South Korea’s cryptocurrency market sentiment has drastically deteriorated following 2018’s crypto winter that saw Bitcoin’s price plummet by over 80%, dragging the rest of the market along with it. The grave loss of funds in a market wipeout has however not caused total annihilation of the market as investors moved their funds towards blockchain development.
South Korea’s Ailing Crypto Market
As the country’s gold rush in digital currencies reached fever pitch in late 2017-early 2018, exchanges in the country were selling Bitcoin at a premium as Korean won trade volumes skyrocketed. In fact, the demand levels for cryptocurrencies across exchanges in the country were so overpriced that Coinmarketcap excluded some pairs from its index.
However, the sentiments have changed following the prolonged crypto bear market in 2018. In a post by Longhash on the current state of the South Korean crypto market, Erica Kang, founder of community KryptoSeoul, said,
“It’s dead. The retail side has diminished dramatically. The exchanges have been suffering so much. I can’t even mention price with retail investors because they are so angry about how much money they lost.”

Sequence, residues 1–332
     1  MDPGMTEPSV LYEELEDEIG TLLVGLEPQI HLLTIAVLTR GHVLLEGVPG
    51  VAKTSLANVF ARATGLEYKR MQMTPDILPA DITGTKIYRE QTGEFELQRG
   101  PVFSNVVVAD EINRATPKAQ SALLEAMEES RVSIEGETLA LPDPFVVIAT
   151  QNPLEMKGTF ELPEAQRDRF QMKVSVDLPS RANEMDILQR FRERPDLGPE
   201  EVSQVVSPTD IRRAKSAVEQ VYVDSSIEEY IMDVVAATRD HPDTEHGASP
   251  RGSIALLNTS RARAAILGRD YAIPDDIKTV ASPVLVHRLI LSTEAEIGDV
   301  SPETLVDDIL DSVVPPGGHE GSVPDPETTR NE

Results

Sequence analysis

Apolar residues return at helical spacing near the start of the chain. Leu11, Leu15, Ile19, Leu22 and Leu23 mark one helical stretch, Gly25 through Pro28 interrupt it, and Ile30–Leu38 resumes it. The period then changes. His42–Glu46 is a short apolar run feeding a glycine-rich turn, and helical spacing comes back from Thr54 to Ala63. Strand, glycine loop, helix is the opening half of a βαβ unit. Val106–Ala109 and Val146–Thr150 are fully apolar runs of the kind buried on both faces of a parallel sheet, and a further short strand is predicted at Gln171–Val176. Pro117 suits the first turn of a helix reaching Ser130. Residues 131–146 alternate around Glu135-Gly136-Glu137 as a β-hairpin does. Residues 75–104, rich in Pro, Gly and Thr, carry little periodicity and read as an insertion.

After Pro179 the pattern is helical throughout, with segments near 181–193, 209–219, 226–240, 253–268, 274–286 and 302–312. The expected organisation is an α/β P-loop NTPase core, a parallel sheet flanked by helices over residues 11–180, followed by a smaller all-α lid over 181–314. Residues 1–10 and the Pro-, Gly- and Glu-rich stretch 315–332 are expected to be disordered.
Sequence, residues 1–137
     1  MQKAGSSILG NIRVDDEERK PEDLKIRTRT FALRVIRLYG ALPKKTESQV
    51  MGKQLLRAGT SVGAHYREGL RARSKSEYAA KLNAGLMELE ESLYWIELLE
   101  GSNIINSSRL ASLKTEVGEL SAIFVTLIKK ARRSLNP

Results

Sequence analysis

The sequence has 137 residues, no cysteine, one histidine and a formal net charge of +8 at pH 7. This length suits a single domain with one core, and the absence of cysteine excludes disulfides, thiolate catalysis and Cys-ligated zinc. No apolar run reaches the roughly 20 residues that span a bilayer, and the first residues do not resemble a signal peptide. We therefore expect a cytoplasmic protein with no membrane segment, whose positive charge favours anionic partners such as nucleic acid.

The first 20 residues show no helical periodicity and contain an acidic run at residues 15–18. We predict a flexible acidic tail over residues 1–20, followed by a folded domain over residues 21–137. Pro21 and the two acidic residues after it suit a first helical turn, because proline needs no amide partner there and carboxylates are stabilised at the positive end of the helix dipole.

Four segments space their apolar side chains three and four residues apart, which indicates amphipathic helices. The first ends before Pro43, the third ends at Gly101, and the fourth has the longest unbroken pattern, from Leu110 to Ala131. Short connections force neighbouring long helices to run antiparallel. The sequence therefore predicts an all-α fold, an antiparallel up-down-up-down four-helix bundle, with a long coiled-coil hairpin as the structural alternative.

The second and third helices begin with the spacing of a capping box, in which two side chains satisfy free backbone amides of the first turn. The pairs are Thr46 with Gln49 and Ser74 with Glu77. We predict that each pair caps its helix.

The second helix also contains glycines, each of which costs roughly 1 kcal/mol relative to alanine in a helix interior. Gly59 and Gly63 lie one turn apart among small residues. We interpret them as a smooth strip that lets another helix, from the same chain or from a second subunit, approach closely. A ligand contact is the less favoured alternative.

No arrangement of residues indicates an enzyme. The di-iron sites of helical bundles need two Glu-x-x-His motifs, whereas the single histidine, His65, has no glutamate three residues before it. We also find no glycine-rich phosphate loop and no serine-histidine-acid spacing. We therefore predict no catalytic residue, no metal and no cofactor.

According to the post, only 2% of Bitcoin trades use the Korean won and less than 0.3% of Ethereum (ETH) trades across exchanges are completed using the fiat currency – a fall from the peak volumes of about 40% during the Bull Run.
Furthermore the government’s recent ban on initial coin offerings does not help the cause of cryptocurrencies, nor does the recent Upbit hack that saw over $50 million worth of crypto stolen from the exchange.
Resilient Industry Fundamentals Push South Korea Towards Blockchain
Despite the troubles across the cryptocurrency industry and diminishing interest in trading Bitcoin and its trail of altcoins, the country has remained appreciative of the benefits that blockchain technology offers. Ethan Kim, a partner at blockchain accelerator Hashed, believes the low prices in the market is the cause of the accelerated development in blockchain across the country.
“When the prices go down, projects are more legitimate. Founders who have a more proven track record are jumping into the crypto scene and developing their projects very seriously. I think this is a good signal for the ecosystem.”
Well, Kim is in no way wrong as stats shows increasing positive sentiments in blockchain developments as capital flows into the industry. ICON LOOP, one of the most noticeable blockchain projects raised $8.4 million USD in October to extend its developments. The company had in August announced it will implement blockchain based certification on Korean Art.
Furthermore Terra, run by Korean ecommerce giant TMON’s founder Daniel Shin, handled over $54 million USD worth of transactions in its first four month of opening. The platform allows users to gain up to 10% in discounts to use its stable coin for purchases.
With the government also playing its role in promoting blockchain, such as the Korea Internet Security Agency (KISA) pledging over 10.5 billion won ($9 million USD) to blockchain startups starting 2020, the industry looks to flourish despite the cryptocurrency market currently being in limbo.